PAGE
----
5 years ago

Interventions to reduce consumption of sugar-sweetened beverages or increase water intake: evidence from a systematic review and meta-analysis

J.E. Cade, B.J. Sykes-Muskett, J. Hooson, E.J. Vargas-Garcia, A. Prestwich, C.E.L. Evans
A systematic review and meta-analyses were conducted to evaluate the effects of interventions to reduce sugar-sweetened beverages (SSB) or increase water intakes and to examine the impact of behaviour change techniques (BCTs) in consumption patterns. Randomized and nonrandomized controlled trials published after January 1990 and until December 2016 reporting daily changes in intakes of SSB or water in volumetric measurements (mL d−1) were included. References were retrieved through searches of electronic databases and quality appraisal followed Cochrane principles. We calculated mean differences (MD) and synthesized data with random-effects models. Forty studies with 16 505 participants were meta-analysed. Interventions significantly decreased consumption of SSB in children by 76 mL d−1 (95% confidence interval [CI] −105 to −46; 23 studies, P < 0.01), and in adolescents (−66 mL d−1, 95% CI −130 to −2; 5 studies, P = 0.04) but not in adults (−13 mL d−1, 95% CI −44 to 18; 12 studies, P = 0.16). Pooled estimates of water intakes were only possible for interventions in children, and results were indicative of increases in water intake (MD +67 mL d−1, 95% CI 6 to 128; 7 studies, P = 0.04). For children, there was evidence to suggest that modelling/demonstrating the behaviour helped to reduce SSB intake and that interventions within the home environment had greater effects than school-based interventions. In conclusion, public health interventions – mainly via nutritional education/counselling – are moderately successful at reducing intakes of SSB and increasing water intakes in children. However, on average, only small reductions in SSBs have been achieved by interventions targeting adolescents and adults. Complementary measures may be needed to achieve greater improvements in both dietary behaviours across all age groups.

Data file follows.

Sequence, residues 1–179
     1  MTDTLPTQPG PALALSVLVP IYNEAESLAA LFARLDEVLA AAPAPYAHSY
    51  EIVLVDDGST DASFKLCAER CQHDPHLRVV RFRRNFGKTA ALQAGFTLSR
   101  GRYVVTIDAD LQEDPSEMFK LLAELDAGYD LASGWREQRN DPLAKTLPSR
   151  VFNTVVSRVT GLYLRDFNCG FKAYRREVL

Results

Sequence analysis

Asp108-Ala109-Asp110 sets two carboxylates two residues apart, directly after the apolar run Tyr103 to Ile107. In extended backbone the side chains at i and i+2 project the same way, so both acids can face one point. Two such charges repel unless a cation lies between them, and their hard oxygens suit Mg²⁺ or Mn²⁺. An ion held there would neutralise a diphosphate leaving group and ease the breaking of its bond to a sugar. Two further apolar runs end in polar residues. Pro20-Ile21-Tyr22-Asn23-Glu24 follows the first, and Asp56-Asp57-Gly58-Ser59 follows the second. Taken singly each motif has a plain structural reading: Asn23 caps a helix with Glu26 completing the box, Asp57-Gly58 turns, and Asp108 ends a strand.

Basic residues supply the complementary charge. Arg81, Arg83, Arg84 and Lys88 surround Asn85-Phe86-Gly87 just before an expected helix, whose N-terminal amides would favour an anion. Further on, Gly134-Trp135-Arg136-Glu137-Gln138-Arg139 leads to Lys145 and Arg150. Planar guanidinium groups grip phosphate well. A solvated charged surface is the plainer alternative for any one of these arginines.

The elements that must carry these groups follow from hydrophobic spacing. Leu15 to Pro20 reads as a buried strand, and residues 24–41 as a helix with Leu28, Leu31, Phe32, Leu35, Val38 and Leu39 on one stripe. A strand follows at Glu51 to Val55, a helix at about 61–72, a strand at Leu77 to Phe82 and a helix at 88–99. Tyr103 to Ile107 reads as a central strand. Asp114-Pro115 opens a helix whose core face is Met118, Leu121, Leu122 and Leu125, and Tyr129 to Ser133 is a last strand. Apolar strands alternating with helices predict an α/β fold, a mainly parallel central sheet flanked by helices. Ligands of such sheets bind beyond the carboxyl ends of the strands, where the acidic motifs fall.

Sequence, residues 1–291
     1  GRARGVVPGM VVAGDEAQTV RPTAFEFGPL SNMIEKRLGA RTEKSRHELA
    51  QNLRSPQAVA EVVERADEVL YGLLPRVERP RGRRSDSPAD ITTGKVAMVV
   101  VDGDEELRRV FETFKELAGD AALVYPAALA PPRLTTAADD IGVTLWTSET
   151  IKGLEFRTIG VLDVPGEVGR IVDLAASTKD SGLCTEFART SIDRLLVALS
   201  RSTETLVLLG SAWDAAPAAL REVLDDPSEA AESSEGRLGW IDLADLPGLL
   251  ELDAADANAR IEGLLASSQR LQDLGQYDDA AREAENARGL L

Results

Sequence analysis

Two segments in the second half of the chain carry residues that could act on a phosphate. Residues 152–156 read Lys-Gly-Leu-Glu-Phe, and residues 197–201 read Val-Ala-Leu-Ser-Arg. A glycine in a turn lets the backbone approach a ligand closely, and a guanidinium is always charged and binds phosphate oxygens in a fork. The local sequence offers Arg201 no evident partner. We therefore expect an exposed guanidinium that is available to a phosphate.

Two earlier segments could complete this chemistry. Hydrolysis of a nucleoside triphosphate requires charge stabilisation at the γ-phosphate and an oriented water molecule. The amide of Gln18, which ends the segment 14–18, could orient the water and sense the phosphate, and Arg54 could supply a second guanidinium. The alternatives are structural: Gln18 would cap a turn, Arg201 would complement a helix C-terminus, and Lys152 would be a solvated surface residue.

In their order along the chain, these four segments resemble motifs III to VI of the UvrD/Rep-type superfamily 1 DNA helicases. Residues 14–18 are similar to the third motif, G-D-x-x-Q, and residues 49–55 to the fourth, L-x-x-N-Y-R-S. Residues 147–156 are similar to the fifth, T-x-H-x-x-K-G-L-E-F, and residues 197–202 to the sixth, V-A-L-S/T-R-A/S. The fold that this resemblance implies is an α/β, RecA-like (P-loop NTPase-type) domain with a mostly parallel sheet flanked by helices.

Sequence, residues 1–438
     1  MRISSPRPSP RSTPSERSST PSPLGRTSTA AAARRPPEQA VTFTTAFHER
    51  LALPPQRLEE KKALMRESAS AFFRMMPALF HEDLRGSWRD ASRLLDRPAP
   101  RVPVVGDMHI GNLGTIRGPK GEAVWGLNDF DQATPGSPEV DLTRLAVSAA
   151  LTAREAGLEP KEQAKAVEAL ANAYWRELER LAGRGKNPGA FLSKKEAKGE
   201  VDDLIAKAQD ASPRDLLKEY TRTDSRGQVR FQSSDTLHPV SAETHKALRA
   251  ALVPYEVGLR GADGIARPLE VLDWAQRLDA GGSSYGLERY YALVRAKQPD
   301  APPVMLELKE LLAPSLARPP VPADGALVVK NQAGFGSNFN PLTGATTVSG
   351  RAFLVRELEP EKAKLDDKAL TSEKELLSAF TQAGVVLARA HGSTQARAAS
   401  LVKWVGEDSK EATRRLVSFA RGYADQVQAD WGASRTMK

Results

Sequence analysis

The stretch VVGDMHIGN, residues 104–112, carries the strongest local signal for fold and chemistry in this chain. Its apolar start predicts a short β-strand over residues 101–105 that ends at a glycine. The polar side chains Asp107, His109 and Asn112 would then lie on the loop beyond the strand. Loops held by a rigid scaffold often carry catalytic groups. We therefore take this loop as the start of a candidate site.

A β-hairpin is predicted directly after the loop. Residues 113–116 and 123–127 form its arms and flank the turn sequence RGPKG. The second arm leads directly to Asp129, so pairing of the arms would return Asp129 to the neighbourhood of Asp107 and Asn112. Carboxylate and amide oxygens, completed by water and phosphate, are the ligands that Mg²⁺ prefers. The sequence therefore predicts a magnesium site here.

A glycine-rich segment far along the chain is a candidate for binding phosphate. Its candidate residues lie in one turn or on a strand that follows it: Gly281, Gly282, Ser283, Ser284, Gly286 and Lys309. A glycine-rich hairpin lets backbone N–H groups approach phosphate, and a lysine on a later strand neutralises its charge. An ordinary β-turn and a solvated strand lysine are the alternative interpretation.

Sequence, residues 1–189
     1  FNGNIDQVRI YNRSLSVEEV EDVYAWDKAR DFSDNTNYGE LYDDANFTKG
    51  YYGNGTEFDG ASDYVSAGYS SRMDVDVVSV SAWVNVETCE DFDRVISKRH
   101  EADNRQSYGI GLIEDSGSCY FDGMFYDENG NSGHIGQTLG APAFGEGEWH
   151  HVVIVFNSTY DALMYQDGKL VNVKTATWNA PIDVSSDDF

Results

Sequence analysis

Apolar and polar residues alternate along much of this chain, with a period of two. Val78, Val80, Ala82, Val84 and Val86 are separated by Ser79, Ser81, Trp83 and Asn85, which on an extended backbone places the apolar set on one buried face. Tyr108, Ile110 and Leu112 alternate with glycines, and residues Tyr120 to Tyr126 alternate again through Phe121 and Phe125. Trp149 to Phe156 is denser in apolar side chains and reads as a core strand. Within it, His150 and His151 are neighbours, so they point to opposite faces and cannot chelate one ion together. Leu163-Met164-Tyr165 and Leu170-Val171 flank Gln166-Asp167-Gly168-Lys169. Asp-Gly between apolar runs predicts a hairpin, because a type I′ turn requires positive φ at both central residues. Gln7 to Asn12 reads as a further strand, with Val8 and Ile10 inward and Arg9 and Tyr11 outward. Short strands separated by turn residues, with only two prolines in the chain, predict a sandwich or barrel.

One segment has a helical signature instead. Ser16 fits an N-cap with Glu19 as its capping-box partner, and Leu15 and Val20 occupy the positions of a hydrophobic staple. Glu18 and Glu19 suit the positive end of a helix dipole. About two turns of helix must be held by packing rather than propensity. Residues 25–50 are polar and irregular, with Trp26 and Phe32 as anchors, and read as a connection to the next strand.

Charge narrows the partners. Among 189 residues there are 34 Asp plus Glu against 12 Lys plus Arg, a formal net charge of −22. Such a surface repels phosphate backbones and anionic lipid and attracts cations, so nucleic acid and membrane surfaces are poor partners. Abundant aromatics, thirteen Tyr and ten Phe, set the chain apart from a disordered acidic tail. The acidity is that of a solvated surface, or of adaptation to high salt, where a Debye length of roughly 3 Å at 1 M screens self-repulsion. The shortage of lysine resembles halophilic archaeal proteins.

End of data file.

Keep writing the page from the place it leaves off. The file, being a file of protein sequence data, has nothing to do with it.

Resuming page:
Publisher URL: http://onlinelibrary.wiley.com/resolve/doi

DOI: 10.1111/obr.12580

You might also like
Discover & Discuss Important Research

Keeping up-to-date with research can feel impossible, with papers being published faster than you'll ever be able to read them. That's where Researcher comes in: we're simplifying discovery and making important discussions happen. With over 19,000 sources, including peer-reviewed journals, preprints, blogs, universities, podcasts and Live events across 10 research areas, you'll never miss what's important to you. It's like social media, but better. Oh, and we should mention - it's free.

  • Download from Google Play
  • Download from App Store
  • Download from AppInChina

Researcher displays publicly available abstracts and doesn’t host any full article content. If the content is open access, we will direct clicks from the abstracts to the publisher website and display the PDF copy on our platform. Clicks to view the full text will be directed to the publisher website, where only users with subscriptions or access through their institution are able to view the full article.